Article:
3d Printing 101(a) – What is PLA? | Au LLC
26
post-template-default,single,single-post,postid-26,single-format-standard,ajax_fade,page_not_loaded,,qode-theme-ver-2.1.1,wpb-js-composer js-comp-ver-4.11.2.1,vc_responsive
 

3d Printing 101(a) – What is PLA?

ploylactic acid

3d Printing 101(a) – What is PLA?

15:55 04 October in Technology

If you have done any research into 3d prototyping technology, you undoubtedly have come across the litany of acronyms and terminology used to refer to either the 3d printing equipment itself, the materials with which the printer prints, or the characteristics of the printer’s performance. This article is the first in a series called “3d Printing 101” by which we will be educating our readers about various matters they should consider when deciding to proceed with a particular 3d printing technology.

PLA, is a common thermoplastic material used by 3d printers such as the MakerBot®, Reprap®, CubX®, and lower-end desktop 3d printers. The PLA material itself is fed into the prototyping machine in a filament form. The acronym is derived from one of the chemical’s names, PolyLactic Acid. PLA’s popularity for 3d rapid prototyping is derived from its “natural” production (PLA is typically made from cheap starchy vegetables), and its ability to rapidly biodegrade. On an industrial level, PLA is commonly used for food packaging containers.

PLA also lends itself to 3d rapid prototyping as it has a relatively low melting point for a thermoplastic (~157°C, obviating a substantial heating element in the print head) and a reasonable tensile yield strength (~9000psi). PLA is relatively rigid, naturally translucent, shiny, available in a variety of colors, and can be lightly sanded and even machined post-printing.

PLA has some drawbacks, however, depending on the intended use for the part. PLA’s is relatively heat-intolerant, and the material can begin to deform under load starting at about ~130°F. PLA’s rigidity may make it more difficult to use in an assembly. Also, water and high temperatures can lead to the PLA de-polymerizing, physically compromising the part. A PLA part will slowly absorb water from the ambient air: thus, printers must store PLA filaments carefully and users must qualify the purposes for which the part is being made in light of the part’s lack of longevity.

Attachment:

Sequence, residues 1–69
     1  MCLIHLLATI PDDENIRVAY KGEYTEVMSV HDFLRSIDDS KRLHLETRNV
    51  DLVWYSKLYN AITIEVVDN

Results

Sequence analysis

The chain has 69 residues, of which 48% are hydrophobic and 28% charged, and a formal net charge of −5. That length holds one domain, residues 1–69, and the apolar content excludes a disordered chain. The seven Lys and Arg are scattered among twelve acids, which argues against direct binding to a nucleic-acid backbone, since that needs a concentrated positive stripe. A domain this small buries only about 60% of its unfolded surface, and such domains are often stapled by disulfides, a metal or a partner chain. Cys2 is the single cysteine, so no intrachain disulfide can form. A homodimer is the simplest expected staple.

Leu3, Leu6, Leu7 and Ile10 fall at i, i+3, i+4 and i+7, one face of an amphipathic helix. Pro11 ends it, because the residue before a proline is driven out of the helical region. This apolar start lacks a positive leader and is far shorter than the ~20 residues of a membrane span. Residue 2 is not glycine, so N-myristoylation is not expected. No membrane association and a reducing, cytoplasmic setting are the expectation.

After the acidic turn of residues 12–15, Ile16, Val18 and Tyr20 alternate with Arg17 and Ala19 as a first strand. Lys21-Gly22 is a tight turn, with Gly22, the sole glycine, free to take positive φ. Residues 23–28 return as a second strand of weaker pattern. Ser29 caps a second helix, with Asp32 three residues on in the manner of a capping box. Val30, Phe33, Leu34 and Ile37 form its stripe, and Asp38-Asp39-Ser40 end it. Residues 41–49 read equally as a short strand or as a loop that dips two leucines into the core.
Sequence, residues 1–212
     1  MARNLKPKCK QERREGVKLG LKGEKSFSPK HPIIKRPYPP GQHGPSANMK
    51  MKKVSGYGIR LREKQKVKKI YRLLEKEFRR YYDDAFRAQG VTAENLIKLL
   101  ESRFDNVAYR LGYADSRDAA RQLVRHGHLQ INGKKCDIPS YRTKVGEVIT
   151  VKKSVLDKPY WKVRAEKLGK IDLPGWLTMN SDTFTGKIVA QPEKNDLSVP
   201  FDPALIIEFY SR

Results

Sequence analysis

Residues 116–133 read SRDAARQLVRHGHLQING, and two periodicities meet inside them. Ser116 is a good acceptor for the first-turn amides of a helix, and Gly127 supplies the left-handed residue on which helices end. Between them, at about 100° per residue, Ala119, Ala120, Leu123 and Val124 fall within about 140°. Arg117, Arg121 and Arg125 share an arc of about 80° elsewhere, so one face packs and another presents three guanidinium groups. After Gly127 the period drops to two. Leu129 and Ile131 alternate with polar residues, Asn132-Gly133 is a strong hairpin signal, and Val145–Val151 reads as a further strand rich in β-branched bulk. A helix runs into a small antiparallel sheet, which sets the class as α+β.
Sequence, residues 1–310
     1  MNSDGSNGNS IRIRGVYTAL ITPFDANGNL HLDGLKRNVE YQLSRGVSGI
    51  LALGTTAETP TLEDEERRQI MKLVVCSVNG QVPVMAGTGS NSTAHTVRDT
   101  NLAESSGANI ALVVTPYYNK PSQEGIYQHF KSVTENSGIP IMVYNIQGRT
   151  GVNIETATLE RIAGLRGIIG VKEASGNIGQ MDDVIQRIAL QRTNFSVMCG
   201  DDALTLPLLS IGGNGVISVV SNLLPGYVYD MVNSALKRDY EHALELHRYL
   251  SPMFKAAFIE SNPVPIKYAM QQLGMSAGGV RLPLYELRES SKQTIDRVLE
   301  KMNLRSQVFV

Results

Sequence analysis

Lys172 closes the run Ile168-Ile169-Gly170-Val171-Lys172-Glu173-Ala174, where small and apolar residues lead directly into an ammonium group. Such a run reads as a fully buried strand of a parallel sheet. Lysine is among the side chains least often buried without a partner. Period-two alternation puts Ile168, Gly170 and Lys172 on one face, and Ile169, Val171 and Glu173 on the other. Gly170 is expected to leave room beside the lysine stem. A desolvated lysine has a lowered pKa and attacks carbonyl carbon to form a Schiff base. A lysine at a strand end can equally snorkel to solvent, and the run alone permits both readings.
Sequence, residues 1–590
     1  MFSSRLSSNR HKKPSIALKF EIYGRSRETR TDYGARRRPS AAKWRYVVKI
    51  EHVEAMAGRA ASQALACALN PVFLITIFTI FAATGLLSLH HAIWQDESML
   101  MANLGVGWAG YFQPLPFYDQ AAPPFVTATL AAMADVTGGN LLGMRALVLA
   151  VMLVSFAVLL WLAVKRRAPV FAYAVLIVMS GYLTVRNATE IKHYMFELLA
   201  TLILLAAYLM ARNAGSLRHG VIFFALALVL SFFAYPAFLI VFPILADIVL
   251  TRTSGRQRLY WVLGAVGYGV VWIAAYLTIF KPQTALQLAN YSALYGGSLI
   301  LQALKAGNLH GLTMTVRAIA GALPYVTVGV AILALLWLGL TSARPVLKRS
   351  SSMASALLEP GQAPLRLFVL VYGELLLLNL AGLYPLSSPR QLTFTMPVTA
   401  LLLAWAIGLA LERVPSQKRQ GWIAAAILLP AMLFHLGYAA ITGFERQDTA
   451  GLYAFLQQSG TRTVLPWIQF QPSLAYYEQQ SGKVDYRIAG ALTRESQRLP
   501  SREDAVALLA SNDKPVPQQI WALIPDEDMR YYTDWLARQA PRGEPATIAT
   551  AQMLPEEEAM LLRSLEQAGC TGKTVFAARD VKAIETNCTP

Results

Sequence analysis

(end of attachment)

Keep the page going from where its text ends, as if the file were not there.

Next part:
PLA does benefit from the fact that most printers print PLA faster than other materials (e.g., ABS) and the same printer will usually print the same prototype out of PLA more accurately than it would out of other materials (e.g., ABS). Due to its availability, PLA is usually cheaper to print with than other materials. Further, the 3d printing process itself, when involving PLA, does not carry bring with it any odorous fumes: in fact, melted PLA smells almost pleasant.

Overall, PLA is relatively easy with which to print and provide fairly accurate parts, although those parts are not as robust as if they were made from other materials. For a pure “prototype” that will not be subjected to any appreciable physical or thermal loads and will mainly be used as a (dry) show piece, PLA is good material with which to 3d prototype.